“Engagement on this topic from the board is just vital, just like you see on other crucial risks.”
-Google Cloud CISO Phil Venables
Growing cyberthreats and new rules on cyber disclosures are putting pressure on boards, CIOs and CISOs alike to keep an eye on the landscape and stay ahead of change.
What trends and risks are top-of-mind? What can organizations do to keep themselves cyber-ready?
A March 28 webinar led by Google Cloud CISO Phil Venables brought together different perspectives from all sides of governance and technology. Venables joined Diligent board member Betsy Atkins, Mandiant CEO Kevin Mandia and Diligent CEO Brian Stafford to share their thoughts on how boards can navigate an increasingly complex cyber landscape.
How Boards Can Stay Ahead of Emerging Risks and Regulations
1. Give cyber dedicated attention at the committee level
Cybersecurity today is too important to leave for periodic meetings of the full board. Just like finance, compensation and audit, it deserves committee attention throughout the year.
“Taking cyber and putting it in a dedicated location with focus is really important,” said Atkins. “If you look at the Fortune 500 companies, 12% of them have a tech committee now.”
If your board isn’t open to forming a new committee, solutions can be found in its existing structure. “Look at the governance committee,” Atkins advised. “The workload and the remit are light, and they have capacity.”
2. Strengthen your board’s cyber expertise
How well does your board understand cybersecurity standards like the NIST framework and the policies and the procedures behind them? Are they conversant with and ready for the new SEC rule on cybersecurity disclosures?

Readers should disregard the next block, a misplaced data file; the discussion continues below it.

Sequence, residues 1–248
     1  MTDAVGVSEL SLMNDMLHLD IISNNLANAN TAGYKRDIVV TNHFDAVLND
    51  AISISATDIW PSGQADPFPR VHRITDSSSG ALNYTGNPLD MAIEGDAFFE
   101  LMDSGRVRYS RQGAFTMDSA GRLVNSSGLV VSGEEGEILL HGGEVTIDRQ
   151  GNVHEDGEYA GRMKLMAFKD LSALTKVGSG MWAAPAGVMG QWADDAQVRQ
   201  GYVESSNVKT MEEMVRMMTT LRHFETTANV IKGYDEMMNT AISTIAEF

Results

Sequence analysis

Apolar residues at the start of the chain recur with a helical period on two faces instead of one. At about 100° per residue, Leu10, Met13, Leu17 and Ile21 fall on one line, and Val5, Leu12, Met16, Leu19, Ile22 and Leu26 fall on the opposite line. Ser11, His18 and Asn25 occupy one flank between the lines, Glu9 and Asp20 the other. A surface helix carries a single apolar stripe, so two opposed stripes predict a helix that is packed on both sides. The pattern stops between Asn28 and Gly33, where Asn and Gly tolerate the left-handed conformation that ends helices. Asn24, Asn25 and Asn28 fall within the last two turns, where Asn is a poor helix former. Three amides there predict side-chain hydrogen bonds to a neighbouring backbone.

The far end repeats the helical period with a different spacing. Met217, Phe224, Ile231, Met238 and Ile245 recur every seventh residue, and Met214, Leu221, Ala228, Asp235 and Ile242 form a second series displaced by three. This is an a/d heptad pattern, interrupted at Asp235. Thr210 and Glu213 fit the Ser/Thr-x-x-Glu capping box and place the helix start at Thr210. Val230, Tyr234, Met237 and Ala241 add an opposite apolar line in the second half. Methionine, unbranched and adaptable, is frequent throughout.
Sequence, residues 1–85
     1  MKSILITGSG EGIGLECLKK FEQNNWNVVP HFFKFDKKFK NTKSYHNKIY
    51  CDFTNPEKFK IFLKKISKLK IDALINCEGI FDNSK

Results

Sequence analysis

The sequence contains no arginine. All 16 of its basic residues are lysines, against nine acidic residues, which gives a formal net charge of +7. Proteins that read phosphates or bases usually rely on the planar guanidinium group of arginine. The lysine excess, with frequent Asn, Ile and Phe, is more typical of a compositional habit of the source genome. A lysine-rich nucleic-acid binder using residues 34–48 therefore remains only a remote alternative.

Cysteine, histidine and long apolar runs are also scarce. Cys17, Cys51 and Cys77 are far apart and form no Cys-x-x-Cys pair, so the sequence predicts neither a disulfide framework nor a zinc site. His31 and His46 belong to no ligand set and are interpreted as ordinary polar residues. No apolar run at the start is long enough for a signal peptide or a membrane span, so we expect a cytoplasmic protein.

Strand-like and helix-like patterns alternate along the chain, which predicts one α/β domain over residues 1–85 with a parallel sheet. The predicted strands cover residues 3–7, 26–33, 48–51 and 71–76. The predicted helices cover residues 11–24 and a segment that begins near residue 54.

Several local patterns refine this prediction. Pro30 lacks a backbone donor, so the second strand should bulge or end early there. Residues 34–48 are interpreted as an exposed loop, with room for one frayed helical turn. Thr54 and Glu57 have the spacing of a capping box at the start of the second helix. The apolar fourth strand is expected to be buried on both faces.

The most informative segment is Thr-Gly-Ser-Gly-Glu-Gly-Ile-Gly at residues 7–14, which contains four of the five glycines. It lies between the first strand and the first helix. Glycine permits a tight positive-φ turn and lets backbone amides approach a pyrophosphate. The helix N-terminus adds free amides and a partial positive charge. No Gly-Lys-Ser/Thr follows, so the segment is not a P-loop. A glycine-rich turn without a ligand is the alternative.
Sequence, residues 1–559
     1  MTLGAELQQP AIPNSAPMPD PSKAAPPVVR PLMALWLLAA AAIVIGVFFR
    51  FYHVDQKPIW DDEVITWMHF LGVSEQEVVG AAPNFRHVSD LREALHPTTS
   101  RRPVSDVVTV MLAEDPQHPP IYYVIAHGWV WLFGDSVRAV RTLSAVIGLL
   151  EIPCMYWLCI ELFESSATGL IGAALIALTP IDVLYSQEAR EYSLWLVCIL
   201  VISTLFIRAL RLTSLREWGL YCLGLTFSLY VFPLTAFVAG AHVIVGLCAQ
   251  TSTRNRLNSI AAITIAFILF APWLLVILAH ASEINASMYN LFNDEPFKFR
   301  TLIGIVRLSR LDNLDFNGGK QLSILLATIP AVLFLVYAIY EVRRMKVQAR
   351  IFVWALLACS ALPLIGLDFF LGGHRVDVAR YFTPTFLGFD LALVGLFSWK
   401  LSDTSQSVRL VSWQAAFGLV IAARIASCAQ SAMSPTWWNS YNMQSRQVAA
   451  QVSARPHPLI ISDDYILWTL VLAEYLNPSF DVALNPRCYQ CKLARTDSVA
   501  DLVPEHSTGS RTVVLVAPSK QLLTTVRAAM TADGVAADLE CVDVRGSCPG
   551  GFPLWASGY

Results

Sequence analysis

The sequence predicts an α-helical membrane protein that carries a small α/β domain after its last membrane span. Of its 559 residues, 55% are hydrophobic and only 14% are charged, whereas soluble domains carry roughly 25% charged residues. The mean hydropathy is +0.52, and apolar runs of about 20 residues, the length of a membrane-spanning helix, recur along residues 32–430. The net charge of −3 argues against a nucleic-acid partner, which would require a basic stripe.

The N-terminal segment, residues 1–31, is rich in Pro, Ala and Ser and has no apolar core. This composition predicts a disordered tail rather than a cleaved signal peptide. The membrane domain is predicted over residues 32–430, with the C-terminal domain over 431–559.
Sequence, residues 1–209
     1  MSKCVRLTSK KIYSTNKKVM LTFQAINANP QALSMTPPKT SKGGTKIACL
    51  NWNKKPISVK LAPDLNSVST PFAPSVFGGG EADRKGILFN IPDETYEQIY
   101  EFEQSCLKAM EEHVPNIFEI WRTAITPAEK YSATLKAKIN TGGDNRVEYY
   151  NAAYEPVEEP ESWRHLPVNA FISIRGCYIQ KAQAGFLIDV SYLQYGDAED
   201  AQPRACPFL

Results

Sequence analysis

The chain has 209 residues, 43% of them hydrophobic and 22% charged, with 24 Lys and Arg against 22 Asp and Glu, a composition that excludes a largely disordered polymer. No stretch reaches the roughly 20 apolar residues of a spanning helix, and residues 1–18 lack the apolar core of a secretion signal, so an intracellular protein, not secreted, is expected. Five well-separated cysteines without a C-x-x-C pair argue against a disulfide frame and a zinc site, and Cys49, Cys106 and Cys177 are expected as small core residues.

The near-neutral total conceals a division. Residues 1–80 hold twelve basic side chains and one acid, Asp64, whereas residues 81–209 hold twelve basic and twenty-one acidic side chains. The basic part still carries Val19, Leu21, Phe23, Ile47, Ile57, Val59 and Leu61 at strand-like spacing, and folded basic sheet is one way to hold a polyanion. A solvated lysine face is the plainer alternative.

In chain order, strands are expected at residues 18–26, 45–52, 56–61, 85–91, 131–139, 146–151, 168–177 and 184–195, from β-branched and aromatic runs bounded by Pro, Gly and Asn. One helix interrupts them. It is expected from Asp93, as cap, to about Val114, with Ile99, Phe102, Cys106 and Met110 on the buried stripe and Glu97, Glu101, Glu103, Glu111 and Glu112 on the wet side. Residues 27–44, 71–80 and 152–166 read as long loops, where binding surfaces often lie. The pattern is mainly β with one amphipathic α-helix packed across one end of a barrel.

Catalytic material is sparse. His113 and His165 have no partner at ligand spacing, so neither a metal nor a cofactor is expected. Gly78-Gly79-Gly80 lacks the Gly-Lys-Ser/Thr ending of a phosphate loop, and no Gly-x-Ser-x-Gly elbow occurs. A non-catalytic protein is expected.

“We can only expect a lot more scrutiny. So, it's going to be important that you're actually doing cyber briefings to the board and that you're engaging in this,” Atkins said. “You need to have at least two cyber certified board members."
One way to strengthen your board's expertise is by making IT and InfoSec leadership part of the board itself.
“As a board, you have to seriously take a look at and say, 'Do I need to add a CIO or a CISO?'” Stafford said.
Whatever the case, Atkins explained, “When you get a core of people who really understand [cyber], then they're able to do better oversight, they're better able to understand risks a little more in depth.”
Likewise, Venables urged leaders not to be intimated by the technological aspects of cybersecurity.
“Treat this as a first-class business risk and do not get frightened by the technical complexities, because there are many other complex business risks we all deal with,” he said.
Additionally, board members and executives looking to enhance their cybersecurity knowledge and skills can enroll in the Diligent Cyber Risk & Strategy Certification course. The course leverages exclusive interactive eLearning content and tabletop exercises to help directors improve their oversight of enterprise-wide cyber risks.
3. Actively engage with the internal security team
Equipped with this tech expertise, boards are able to really work with the CISO and the IT team, and provide the level of oversight needed to keep the organization safe.
The panelists encouraged such active engagement. Stafford believes that with their internal security team standing in front of the board, giving them a lay of the land and a snapshot of risk and security, “Board members will feel better as they deepen their understanding of what the next order of questions are.”